So, on that morning two weeks ago when I said my final Kaddish, I was chosen to lead the prayer. And I connected with my mother in that uniquely Jewish, distinctively communal way for the last time.
She was, above all, kind, even when she had reason not to be.
When I was barely 3 years old, I began a lifetime of kitchen pranks on her. One day at breakfast, she stood at the stove over an empty frying pan and asked me: “One egg or two?” Just to get a rise out of her, I said, “Six. I want six eggs.” She told me I’d never eat six eggs, but I promised her I would, so she made me a six-egg omelet. It was as big as a cake. I took two bites and could eat no more. Good-naturedly, she said, “You see?” Then she daintily tossed the rest of it out without a word. I never did that again.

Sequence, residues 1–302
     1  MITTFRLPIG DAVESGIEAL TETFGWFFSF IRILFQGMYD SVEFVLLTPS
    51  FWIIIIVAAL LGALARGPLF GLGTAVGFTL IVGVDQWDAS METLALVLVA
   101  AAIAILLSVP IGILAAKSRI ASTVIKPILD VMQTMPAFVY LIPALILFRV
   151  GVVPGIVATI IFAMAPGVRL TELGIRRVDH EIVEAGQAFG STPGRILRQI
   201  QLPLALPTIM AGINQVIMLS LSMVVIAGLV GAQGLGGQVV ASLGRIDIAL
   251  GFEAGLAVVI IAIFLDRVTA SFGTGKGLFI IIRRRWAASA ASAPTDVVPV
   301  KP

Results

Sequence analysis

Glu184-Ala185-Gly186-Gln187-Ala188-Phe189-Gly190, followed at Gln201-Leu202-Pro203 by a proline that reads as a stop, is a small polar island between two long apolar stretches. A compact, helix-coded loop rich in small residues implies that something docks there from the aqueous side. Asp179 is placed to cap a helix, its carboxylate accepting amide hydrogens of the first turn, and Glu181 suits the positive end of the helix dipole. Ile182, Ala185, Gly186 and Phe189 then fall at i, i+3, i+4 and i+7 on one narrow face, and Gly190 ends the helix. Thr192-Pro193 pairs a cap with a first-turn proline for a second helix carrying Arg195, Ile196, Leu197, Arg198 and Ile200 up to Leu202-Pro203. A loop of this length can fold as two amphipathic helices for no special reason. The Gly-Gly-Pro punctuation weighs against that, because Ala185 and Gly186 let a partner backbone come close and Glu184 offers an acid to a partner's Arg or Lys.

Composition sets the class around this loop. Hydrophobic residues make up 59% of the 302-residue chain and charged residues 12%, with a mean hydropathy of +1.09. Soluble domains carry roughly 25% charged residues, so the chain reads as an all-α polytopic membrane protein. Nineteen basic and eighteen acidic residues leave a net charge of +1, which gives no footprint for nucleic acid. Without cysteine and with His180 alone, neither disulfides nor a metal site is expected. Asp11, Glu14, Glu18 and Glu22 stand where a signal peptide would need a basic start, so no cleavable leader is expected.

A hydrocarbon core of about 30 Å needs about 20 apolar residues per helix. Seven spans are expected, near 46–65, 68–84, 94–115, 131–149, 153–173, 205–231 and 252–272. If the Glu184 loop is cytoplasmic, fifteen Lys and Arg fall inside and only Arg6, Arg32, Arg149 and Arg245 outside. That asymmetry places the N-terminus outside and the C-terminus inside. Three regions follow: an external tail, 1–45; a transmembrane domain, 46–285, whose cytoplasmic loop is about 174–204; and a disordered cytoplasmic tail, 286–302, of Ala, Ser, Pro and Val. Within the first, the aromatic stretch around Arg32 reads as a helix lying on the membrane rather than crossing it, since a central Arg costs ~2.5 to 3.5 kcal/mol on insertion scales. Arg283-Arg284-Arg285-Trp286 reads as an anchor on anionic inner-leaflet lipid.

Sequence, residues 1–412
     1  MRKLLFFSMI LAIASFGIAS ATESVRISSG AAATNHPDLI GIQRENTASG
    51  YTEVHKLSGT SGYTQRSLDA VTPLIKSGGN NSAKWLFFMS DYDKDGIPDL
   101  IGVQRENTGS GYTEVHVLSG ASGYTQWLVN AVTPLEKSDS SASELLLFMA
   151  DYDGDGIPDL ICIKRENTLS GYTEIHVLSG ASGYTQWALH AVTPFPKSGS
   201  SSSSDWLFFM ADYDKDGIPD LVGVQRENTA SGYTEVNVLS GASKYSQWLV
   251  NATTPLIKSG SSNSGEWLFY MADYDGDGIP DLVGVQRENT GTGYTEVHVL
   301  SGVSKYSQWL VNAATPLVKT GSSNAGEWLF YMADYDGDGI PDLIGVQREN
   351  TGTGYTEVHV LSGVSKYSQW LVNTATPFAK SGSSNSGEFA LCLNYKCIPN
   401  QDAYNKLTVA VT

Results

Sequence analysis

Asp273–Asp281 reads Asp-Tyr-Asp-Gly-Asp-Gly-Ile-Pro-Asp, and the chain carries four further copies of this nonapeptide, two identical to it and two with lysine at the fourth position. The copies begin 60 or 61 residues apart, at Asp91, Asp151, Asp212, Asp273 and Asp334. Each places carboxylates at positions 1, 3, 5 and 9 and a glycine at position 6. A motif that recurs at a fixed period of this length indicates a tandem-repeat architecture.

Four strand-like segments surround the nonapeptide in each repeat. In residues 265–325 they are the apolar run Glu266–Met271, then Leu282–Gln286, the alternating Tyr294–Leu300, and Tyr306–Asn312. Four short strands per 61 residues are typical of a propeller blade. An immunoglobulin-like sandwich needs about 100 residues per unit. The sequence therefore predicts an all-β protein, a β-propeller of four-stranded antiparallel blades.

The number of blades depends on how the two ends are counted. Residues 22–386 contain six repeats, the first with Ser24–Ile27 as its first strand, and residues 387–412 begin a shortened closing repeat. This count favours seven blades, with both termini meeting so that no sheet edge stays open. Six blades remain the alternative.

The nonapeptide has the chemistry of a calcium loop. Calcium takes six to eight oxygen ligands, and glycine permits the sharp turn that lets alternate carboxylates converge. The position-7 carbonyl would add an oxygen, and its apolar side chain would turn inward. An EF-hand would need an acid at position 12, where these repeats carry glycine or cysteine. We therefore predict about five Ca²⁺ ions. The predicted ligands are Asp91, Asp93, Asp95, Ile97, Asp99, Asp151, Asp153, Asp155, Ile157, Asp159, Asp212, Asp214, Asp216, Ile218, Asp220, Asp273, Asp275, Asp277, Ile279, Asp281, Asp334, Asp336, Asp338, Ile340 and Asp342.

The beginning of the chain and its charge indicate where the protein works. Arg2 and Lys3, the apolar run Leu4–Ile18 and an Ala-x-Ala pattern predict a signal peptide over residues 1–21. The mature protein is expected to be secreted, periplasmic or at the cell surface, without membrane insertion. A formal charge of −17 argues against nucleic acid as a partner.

In her final weeks I reminded her of this story. She gave a wan smile and remembered it exactly as I did.
When I was 5 or 6, my mother made a marble chiffon cake for her friend. She poured the batter into the cake tin and left it on the table for a few minutes. Unbeknownst to her, before she put it in the oven, I took a tablespoon and tossed it in. The cake baked with a spoon sticking out of the top. After getting over her initial shock, she said without a trace of anger: “It looks like I will just have to bake another cake—and we’ll eat this one.”